Could this be the ghost of some poor wretched soul who found themselves chained to the wall in the basement a century and half ago, or someone or something from our past coming back for revenge?

While maybe a hundred or so people were condemned to death in the courtroom that also used to be in the basement of the old city hall—or died while being chained to the wall—the spirit of St. Lawrence Market could also be the ghost of John Hutchinson Toronto’s 13th mayor who mysteriously disappeared one dark and stormy night and was never heard from again.

John Hutchinson was born in Scotland in 1817 and moved with his parents to Montreal in 1828 and came to Toronto in 1847 where he opened an importing business on Church Street just north of Front Street. For the next 10 years as his business grew Hutchinson started to take an active part in the political and social affairs of the city. In 1857 John Hutchison was elected Toronto’s 13th mayor, a foreshadowing of things to come for that same year the worst economic crash to hit Toronto and the rest of the world up to that date also occurred.

In 1857 the newly incorporated City of Toronto was a mere 23 years old and thanks to the railroad had just witnessed an enormous growth period. But in spite of this Mayor Hutchison sat in his office in the west wing of City Hall on Front Street and faced his darkest hour.

The economy, once surging, was now collapsing. The great city works project of building a “Peoples Esplanade” along the harbour fell through when the Railroad threatened to build along Queen Street if they couldn’t have the right of way along the harbour. Despite a public outcry, the railroad won and under Hutchison’s Council received thousands of acres of land along the waterfront once destined for parkland.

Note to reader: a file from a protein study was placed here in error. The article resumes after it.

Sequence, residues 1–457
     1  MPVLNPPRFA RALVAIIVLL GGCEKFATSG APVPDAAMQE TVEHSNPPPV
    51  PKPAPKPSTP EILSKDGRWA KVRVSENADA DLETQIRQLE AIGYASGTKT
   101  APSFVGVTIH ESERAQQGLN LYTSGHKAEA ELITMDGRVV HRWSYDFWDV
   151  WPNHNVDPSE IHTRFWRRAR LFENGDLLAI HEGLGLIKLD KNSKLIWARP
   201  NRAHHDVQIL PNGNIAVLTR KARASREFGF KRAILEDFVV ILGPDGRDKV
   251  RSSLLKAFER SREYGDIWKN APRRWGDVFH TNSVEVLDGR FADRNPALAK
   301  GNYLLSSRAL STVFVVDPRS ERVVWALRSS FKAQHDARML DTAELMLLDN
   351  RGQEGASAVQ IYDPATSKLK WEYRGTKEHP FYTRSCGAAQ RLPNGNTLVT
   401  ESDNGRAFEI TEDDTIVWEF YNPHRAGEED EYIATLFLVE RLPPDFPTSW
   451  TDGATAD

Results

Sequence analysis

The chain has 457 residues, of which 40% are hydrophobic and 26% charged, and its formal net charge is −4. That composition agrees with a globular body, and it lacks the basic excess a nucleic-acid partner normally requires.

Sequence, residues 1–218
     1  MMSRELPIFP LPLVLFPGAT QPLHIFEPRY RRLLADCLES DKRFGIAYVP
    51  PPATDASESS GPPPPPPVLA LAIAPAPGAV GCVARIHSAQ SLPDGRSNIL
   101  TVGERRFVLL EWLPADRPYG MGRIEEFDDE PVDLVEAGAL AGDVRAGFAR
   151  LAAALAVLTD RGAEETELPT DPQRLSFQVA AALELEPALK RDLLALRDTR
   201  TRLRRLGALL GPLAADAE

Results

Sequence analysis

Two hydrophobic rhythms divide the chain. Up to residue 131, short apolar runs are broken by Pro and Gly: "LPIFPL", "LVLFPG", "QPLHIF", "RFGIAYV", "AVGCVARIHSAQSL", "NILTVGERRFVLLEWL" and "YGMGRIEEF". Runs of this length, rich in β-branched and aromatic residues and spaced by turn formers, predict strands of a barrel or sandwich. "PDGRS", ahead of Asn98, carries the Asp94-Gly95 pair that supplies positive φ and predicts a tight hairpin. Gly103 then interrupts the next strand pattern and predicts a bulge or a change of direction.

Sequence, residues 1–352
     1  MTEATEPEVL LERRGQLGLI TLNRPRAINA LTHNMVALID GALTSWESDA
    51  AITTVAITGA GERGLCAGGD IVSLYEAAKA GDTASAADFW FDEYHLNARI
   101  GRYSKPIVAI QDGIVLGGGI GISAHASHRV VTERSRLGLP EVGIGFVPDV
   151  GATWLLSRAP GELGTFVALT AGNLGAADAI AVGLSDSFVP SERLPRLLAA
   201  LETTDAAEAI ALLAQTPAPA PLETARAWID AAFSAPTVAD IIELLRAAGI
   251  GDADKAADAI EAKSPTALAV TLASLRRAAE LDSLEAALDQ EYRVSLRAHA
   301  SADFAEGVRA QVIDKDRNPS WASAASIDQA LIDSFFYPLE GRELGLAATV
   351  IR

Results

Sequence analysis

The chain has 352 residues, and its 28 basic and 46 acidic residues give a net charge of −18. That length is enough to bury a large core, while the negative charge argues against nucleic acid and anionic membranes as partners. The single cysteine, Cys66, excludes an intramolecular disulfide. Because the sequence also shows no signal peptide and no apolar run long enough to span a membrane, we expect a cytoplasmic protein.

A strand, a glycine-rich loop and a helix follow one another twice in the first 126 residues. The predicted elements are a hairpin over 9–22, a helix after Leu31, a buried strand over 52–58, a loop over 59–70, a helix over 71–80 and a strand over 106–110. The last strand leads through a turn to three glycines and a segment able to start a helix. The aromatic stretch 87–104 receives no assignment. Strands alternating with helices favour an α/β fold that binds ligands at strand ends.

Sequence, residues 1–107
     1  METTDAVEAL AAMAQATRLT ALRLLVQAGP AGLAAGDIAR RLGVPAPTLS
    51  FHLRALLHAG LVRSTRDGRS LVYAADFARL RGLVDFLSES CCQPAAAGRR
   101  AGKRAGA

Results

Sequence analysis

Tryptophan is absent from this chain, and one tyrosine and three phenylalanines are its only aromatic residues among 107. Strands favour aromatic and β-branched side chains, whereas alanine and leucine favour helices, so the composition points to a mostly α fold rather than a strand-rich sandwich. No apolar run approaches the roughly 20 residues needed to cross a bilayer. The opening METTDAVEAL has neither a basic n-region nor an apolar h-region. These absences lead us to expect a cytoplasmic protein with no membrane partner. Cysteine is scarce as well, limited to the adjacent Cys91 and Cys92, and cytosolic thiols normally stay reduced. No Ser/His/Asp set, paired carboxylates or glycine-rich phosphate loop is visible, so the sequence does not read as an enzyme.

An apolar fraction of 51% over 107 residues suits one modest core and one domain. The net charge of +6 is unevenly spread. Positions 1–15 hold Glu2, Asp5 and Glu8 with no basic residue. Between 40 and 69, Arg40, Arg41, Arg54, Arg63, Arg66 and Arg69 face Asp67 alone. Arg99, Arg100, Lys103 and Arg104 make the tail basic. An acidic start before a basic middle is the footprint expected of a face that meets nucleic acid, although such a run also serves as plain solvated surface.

Regardless of the railroad’s promise to invigorate the economy, the city was suffering through the worst economic depression in its history.

There was only one thing for Mayor Hutchinson to do: resign or lose everything; his reputation, his once-thriving import business and the block of buildings that he had named for himself on Wellington Street.

So Hutchison left office under a cloud of scandal because of his directorship in the Toronto and Sarnia Railroad Co. was going to personally gain from the land grants given over to the railroads?

Hutchison, who never married and had no children, left for Montreal and was never heard from again. Some say the unexplained noises coming from the west stairwell of the Old City Hall at St. Lawrence Market, and the loud clanging noises that go thump in the night are all made by the ghost of John Hutchinson coming back to say he’s sorry for the havoc he was partly responsible for during one of the darkest times in Toronto’s history.

Join me for 2 events in October- Mon Oct 21 @ 7:30pm C’est What 67 Front Street E, for my ongoing History of Toronto series $20pp.

ALSO Oct 31 @ 8pm my Halloween after hours tour of St Lawrence Market $50 pp includes food, wine and tour.

Phone 647-393-8687 or visit me at www.brucebelltours.ca for more info on these two special events